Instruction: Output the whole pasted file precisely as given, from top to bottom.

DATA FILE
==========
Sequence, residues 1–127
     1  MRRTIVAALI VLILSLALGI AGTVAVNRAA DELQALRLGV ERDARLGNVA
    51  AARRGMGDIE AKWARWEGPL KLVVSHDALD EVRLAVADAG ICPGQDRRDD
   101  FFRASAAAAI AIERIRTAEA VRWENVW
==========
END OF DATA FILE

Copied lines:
Sequence, residues 1–127
     1  MRRTIVAALI VLILSLALGI AGTVAVNRAA DELQALRLGV ERDARLGNVA
    51  AARRGMGDIE AKWARWEGPL KLVVSHDALD EVRLAVADAG ICPGQDRRDD
   101  FFRASAAAAI AIERIRTAEA VRWENVW